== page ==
Get Behind Me, Peyton
Your cover describes Eli Manning, while leading the Giants to an upset win over the Packers in the NFC Championship Game in Green Bay, as "ignoring the cold and his brother Peyton's shadow" (Destiny's Chill, Jan. 28). No kidding—if you open the magazine, the first two spreads have ads featuring Peyton.
Zac Hotter, Lime Lake, N.Y.
This is an article from the Feb. 18, 2008 issue
Football coach Rich Rodriguez's departure from West Virginia to Michigan, less than a year after basketball coach John Beilein made the same jump, angered many Mountaineers fans and had them bemoaning the unfairness of big-time college athletics (PLAYERS, Jan. 28). They should all remember it was only last April when West Virginia plucked basketball coach Bob Huggins from Kansas State in a move that left Kansas State fans equally upset and angry. If you want to compete in today's environment, there is little room for hurt feelings.
David George Schmidt, Harleysville, Pa.
Rodriguez did nothing more than accept a new job and a better opportunity for his family. Yet some Mountaineers fans felt that his decision warranted an innocent high school kid's receiving a death threat. West Virginia fans should take a lesson from their rivals at Marshall, who found out years ago that there are things much more devastating than losing a football coach to another school.
Bart Jackson, Marysville, Ohio
You wrote of the late Georgia Frontiere's tenure as Rams owner (PLAYERS, Jan. 28) that "it all worked." What exactly worked? Frontiere gutted a perennial playoff team, turned them into also-rans, chased away fans who had supported the Los Angeles Rams for nearly 50 years and then bolted for a sweetheart deal in St. Louis. May she rest in peace, but fans of the L.A. Rams have no fond memories of Frontiere.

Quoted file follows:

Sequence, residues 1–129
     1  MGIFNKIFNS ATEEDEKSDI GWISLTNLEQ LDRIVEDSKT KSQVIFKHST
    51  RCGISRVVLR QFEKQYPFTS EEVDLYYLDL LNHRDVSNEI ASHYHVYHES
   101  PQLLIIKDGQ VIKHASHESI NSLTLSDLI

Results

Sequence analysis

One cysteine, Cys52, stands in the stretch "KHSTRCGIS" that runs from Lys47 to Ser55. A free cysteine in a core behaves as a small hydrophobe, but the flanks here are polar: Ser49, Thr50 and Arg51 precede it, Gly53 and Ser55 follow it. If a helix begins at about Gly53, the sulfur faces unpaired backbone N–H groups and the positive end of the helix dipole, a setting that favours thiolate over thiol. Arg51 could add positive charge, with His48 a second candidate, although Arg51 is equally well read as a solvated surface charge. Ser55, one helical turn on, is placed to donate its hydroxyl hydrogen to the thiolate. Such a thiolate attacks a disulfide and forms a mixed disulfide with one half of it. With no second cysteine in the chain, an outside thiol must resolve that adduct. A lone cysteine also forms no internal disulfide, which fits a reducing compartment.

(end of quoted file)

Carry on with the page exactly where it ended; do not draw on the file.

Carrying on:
Robert Shannon, Chicago
In your story on the NBA's Development League (Who's Got Next, Jan. 28), you had a group photograph of all the league's players. As a rabid Duke fan, I noticed a rather uninterested-looking Josh McRoberts, who left school early and was a second-round pick of Portland in the 2007 draft. I couldn't help but wonder if he would rather be playing for Coach K and the Blue Devils this year or bouncing between the Blazers and the Idaho Stampede. I'm sure if he knew that this was how it would all play out, he'd be back where he should be—with the Cameron Crazies.
Luis Vega, Brooklyn
It's amazing what SI can do for a man. S.L. Price's Big Game Hunter, about his at long last buying a new television in advance of the Super Bowl (POINT AFTER, Jan. 28), made my wife see why it is important for men to hunt for that big screen. Now I have that TV I had always wanted!
Chris Donoghue, Milton, Ont.
Big game hunter? You only bought a 26-inch flat panel. That's like shooting a doe in buck season.
Glenn Mahoney, Berwyn, Pa.
Congratulations on your purchase of a new computer monitor.
Jeff Nelson, Cincinnati
Stories like Chris Ballard's report from the scene at the Vegas Classic pigeon race (The Birds, Jan. 28) are the reason I am a lifetime subscriber to SPORTS ILLUSTRATED.
Jamie McMillin, Colorado Springs
Pigeon racing as sport? What next, an article on raising tropical fish?
Bill Loeffler, Davidson, N.C.
I was at the Vegas Classic, and I was embarrassed by the actions of a few of those at the race. As with other sporting events at which the beer flows and gambling is rampant, you could find individuals who were obnoxious and unruly. But that shouldn't diminish the accomplishments of the participants. I hope all those who read Ballard's story gain an appreciation for those one-pound balls of feathers that race home from a distance of hundreds of miles. Readers should also know that for most of us involved in the sport, pigeon racing is a family event that does not involve Elvis, drunks or gambling.
Joe Nemelka, Mapleton, Utah
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